I know an author or two, and I might have been one of them, who thought that there was nothing really new to learn at conferences, that it was all beginning to sound the same. But then I thought about it in this new frame of reference. Conferences are where you meet editors. I have attended only three regional conferences and one annual SCBWI conference in LA two years ago after winning the Karen Cushman award, but again, I was in the wrong frame of mind. I was attending to hear the workshops. I wasn't trying to network. The very idea scared the wits out of me. I wanted to learn more about the craft of writing and I kept mostly to myself. Not saying that's necessarily bad, after all, who couldn't do with learning how to do something better? But if I continue down that path I shouldn't expect different results when I submit to publishers, right?
So here's my new plan and my 2017 goal. I want to attend a lot of conferences specifically to meet and talk with editors. I will attend workshops run by editors and publishing insiders, and I will keep in contact with them so that when the time comes that I have something appropriate to send to them, I will be better able to personalize my cover or query letter, and they will hopefully remember my name.
This month, January 2017, I again attended the ALA Midwinter Conference. I didn't even have to go. I wasn't serving on a committee. Why did I go? I had a particular goal. I wanted to go only to the exhibits. Now normally, for a Children's Librarian, this would mean collecting mountains of ARCs to bring back to the library and gathering tubes of posters to hang on the walls. This time I wanted to visit the publisher's booths and see what types of books they printed, what they saw as trends, and see which might be the best fit for my manuscripts. Also, I attended one cocktail reception that I had been invited to by a big publisher, where I fully intended to meet the editor and anyone else who worked for it.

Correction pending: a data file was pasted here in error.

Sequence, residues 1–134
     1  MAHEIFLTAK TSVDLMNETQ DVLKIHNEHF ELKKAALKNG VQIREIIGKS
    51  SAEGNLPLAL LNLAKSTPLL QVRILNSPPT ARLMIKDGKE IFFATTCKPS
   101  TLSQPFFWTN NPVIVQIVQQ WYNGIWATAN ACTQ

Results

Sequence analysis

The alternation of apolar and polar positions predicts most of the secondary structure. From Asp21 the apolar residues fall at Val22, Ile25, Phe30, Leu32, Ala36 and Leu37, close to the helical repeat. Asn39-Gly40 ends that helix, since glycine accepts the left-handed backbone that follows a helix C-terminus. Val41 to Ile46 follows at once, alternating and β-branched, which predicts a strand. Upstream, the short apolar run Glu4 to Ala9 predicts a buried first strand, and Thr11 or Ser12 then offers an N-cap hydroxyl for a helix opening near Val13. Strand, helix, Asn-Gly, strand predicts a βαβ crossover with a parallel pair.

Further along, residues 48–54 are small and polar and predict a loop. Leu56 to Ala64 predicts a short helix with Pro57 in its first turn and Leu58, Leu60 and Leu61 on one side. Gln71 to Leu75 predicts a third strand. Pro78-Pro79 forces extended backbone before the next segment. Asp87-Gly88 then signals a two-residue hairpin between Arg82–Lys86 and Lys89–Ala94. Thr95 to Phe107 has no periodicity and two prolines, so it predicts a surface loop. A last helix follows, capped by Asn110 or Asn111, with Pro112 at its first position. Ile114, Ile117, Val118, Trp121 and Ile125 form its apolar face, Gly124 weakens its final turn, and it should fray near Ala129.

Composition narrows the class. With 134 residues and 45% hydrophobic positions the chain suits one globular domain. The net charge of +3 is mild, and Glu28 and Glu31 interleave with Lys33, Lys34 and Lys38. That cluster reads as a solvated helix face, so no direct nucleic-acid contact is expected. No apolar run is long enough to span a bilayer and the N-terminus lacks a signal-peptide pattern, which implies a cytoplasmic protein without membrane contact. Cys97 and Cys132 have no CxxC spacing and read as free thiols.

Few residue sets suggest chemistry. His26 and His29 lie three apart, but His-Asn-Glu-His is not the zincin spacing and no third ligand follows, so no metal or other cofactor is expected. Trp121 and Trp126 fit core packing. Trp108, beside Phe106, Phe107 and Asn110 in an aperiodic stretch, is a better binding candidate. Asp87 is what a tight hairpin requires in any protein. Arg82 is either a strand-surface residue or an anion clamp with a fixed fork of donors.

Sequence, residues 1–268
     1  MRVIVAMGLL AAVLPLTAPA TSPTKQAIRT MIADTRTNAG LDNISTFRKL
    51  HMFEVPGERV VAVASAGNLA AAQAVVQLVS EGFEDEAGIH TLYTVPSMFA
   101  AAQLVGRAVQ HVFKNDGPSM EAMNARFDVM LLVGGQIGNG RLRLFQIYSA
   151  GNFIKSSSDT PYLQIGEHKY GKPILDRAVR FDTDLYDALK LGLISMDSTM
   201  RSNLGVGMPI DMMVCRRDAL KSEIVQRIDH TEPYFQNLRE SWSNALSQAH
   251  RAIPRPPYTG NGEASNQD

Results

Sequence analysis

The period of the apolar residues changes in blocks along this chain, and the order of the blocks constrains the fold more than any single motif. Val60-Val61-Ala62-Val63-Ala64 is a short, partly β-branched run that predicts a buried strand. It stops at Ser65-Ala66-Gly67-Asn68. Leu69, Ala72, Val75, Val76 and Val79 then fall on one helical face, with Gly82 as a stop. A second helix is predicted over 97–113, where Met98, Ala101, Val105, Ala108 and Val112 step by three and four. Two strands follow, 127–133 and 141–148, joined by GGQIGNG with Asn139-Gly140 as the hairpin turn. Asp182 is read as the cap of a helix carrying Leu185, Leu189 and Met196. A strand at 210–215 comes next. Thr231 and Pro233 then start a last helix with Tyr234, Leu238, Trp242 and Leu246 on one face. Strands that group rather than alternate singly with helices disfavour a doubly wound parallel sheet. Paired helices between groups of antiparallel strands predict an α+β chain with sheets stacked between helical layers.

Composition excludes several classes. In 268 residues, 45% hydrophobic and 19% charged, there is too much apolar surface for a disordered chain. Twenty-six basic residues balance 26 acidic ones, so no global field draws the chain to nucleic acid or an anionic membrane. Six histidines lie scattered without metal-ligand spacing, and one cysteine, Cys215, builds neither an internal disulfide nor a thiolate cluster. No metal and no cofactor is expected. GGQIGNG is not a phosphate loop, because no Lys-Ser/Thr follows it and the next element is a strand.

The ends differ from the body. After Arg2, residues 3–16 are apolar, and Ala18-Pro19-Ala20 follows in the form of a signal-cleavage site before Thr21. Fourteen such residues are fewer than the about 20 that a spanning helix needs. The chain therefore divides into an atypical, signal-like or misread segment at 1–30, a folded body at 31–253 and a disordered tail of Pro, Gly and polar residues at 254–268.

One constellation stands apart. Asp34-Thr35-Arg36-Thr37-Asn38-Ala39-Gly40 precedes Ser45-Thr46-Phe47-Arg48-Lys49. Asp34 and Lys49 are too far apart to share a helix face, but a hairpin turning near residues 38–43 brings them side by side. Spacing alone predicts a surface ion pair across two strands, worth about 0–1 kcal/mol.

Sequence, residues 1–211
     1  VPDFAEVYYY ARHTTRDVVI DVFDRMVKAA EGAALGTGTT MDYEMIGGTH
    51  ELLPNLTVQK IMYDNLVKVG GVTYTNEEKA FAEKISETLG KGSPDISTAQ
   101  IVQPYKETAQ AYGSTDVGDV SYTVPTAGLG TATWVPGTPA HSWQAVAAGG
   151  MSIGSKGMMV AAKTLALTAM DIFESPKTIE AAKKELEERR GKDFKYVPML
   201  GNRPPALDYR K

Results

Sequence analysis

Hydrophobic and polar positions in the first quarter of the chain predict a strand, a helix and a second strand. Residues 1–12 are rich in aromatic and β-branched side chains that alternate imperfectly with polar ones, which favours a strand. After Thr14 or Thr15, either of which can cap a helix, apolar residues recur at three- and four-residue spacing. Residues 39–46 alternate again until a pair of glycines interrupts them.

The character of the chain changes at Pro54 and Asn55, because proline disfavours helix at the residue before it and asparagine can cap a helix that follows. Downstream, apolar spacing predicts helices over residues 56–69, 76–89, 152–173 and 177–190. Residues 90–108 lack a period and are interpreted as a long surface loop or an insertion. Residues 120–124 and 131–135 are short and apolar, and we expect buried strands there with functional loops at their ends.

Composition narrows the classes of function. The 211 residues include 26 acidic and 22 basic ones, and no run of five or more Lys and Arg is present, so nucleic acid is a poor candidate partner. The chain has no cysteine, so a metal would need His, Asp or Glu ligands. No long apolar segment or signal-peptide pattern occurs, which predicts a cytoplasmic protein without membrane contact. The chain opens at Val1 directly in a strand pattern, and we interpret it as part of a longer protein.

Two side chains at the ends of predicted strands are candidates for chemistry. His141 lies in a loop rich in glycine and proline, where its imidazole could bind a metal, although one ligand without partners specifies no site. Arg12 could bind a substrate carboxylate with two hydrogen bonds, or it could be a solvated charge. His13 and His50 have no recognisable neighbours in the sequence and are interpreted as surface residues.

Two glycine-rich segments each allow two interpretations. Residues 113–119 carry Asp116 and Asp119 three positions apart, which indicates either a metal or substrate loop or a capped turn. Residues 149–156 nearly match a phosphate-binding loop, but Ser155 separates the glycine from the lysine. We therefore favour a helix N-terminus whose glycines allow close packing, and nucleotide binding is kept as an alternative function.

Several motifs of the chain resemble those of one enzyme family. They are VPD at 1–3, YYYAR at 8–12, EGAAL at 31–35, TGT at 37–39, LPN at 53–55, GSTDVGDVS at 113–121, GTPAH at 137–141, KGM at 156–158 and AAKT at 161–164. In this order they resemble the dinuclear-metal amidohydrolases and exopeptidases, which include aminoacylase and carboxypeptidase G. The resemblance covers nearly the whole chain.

Was I successful? I would have to say, yes. I brought back a pile of catalogs that I want to study further, I identified a few smaller independent publishers, and I made that personal connection at the publisher reception. The reception also turned out to be fruitful for me as I saw two current publications on display that were very similar to a manuscript I had ready to send out. So....upon returning home, I looked up the submission guidelines for this publisher (luckily they were open to submissions) and crafted a personalized cover letter mentioning the books on display and that I had enjoyed meeting them at the reception. Coming home with one definite lead like that is worth it for me. Time will tell if bit of sleuthing brings any results.
In February I will be attending the SCBWI Annual Conference in NYC for the first time. When it is over and I have a chance to reflect, I will talk more about my new approach for 2017. Stay tuned for part 2.